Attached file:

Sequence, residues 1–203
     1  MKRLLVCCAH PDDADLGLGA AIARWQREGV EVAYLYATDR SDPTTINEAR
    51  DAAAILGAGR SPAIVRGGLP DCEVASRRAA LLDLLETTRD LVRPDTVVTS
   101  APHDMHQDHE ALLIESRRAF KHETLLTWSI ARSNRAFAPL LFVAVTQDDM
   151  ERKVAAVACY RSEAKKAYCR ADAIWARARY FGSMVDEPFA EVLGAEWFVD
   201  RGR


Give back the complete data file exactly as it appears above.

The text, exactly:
Sequence, residues 1–203
     1  MKRLLVCCAH PDDADLGLGA AIARWQREGV EVAYLYATDR SDPTTINEAR
    51  DAAAILGAGR SPAIVRGGLP DCEVASRRAA LLDLLETTRD LVRPDTVVTS
   101  APHDMHQDHE ALLIESRRAF KHETLLTWSI ARSNRAFAPL LFVAVTQDDM
   151  ERKVAAVACY RSEAKKAYCR ADAIWARARY FGSMVDEPFA EVLGAEWFVD
   201  RGR